23. I have struggled a bit with one of my adopted daughters. Lately I’ve been starting to feel what you describe: she just does.not.get.it. (our problem is with obedience and honesty.) She does better sometimes, but there are times (possibly when life events overwhelm her) that trigger a period of just blatant, bland disobedience & dishonesty. It honestly frightens me. I love her, but I find myself separating from her emotionally during those times when absolutley nothing I do or say will help her change her worrisome behavior. Anyway. This post made me feel a little better… I’m not the only one in this boat sometimes.

    And hopefully growth does occur… just sometimes too slow for us to notice or appreciate (or not rip our hair out over.)

  24. I have read BCC for years and commented maybe twice, which I actually feel very guilty about. I feel like I glean so much from the writers (and the comments after) and never give anything back. A one way relationship where I’m always receiving. I’ve felt especially that way about most of Jacob, Kristine’s and your posts, Rebecca J. But anyway, I guess I’m sticking with my excuse that having three young children at home leaves me time and energy to read and think, but not discuss. And what I’m really saying is that I’m barely surviving this stage of motherhood as it is. Except I’m breaking my rule because this idea has been on my mind for so long. Trying to figure out how God feels and how I’m supposed to feel when I’m with those that suffer. Jacob’s Death and Rebirths series a few months back really brought it to a head for me. My husband is a therapist and from discussions with him and my own reading and study of human nature (with a fascination of C. Terry Warner’s work on the subject) it seems to me that the “to suffer with” kind of compassion is a lot like co-dependency. Is God sad when we’re sad? God suffers with us? Ok? Is his suffering like mine? Is He sad when I’m sad? Sometimes that feels comforting and sometimes it doesn’t. Usually, I hope not, actually. I guess I kind of hope the only emotions God feels are love and peace. Rebecca, that last paragraph just can’t be – why would God feel anxiety? Is it all semantics? Any thoughts to help me sort through that idea?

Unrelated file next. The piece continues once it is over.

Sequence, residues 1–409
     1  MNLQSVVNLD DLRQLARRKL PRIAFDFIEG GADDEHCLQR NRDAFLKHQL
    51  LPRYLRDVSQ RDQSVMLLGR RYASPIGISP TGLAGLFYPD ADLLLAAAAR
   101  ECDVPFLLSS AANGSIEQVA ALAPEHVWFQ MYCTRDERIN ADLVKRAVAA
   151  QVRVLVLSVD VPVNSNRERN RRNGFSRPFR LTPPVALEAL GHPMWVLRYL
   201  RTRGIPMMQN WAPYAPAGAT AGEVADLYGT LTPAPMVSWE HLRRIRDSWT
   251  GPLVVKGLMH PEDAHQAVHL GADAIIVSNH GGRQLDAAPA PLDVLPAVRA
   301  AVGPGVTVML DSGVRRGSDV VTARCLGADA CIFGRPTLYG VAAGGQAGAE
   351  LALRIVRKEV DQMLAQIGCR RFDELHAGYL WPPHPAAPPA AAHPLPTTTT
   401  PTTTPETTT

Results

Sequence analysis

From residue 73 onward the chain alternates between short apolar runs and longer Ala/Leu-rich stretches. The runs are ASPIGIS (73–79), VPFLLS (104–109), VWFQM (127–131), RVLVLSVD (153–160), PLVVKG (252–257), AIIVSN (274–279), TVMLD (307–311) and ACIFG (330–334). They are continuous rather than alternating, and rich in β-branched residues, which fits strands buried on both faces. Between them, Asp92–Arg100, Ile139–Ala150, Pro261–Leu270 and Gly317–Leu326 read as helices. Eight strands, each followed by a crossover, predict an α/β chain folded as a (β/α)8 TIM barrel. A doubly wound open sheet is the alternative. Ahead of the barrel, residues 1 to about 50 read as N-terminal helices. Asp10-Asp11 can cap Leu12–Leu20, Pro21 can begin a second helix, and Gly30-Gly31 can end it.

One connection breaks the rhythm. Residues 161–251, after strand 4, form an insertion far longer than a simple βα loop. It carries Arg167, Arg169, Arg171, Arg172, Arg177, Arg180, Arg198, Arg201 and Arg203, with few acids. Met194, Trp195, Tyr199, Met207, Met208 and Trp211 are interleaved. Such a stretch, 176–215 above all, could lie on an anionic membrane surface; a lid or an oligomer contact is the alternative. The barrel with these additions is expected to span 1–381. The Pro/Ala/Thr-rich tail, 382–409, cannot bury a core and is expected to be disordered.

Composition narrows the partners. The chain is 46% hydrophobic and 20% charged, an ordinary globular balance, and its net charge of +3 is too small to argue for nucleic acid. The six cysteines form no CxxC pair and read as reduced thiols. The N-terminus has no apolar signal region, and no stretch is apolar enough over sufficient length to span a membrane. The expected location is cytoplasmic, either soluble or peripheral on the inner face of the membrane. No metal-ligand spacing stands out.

25. I’ve thought about that… worry over “codependency” if you’re taking on others’ burdens. And what I have decided is, it’s not codependency unless you are putting your own problems into what they are experiencing, and vice versa. When you basically need the other person to suffer in order to feel valid in your own suffering, that is codependency. To suffer with those that suffer, and mourn with those that mourn, is a holy thing. A baptismal covenant, actually :)